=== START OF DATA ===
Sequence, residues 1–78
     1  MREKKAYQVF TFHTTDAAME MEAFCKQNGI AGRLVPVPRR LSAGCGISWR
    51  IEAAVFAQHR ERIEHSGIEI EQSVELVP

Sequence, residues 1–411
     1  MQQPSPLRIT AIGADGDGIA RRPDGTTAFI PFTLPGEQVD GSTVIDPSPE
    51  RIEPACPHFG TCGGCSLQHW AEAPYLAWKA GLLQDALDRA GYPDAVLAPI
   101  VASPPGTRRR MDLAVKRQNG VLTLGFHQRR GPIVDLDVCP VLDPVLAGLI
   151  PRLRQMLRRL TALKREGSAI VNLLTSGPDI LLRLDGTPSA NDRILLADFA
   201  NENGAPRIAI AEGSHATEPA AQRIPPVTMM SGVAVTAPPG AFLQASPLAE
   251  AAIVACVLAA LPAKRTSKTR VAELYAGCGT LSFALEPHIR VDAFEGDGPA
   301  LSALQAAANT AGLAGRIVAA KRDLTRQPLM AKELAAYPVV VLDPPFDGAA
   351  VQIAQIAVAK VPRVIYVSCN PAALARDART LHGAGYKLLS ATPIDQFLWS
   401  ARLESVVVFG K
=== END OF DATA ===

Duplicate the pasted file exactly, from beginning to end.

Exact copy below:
Sequence, residues 1–78
     1  MREKKAYQVF TFHTTDAAME MEAFCKQNGI AGRLVPVPRR LSAGCGISWR
    51  IEAAVFAQHR ERIEHSGIEI EQSVELVP

Sequence, residues 1–411
     1  MQQPSPLRIT AIGADGDGIA RRPDGTTAFI PFTLPGEQVD GSTVIDPSPE
    51  RIEPACPHFG TCGGCSLQHW AEAPYLAWKA GLLQDALDRA GYPDAVLAPI
   101  VASPPGTRRR MDLAVKRQNG VLTLGFHQRR GPIVDLDVCP VLDPVLAGLI
   151  PRLRQMLRRL TALKREGSAI VNLLTSGPDI LLRLDGTPSA NDRILLADFA
   201  NENGAPRIAI AEGSHATEPA AQRIPPVTMM SGVAVTAPPG AFLQASPLAE
   251  AAIVACVLAA LPAKRTSKTR VAELYAGCGT LSFALEPHIR VDAFEGDGPA
   301  LSALQAAANT AGLAGRIVAA KRDLTRQPLM AKELAAYPVV VLDPPFDGAA
   351  VQIAQIAVAK VPRVIYVSCN PAALARDART LHGAGYKLLS ATPIDQFLWS
   401  ARLESVVVFG K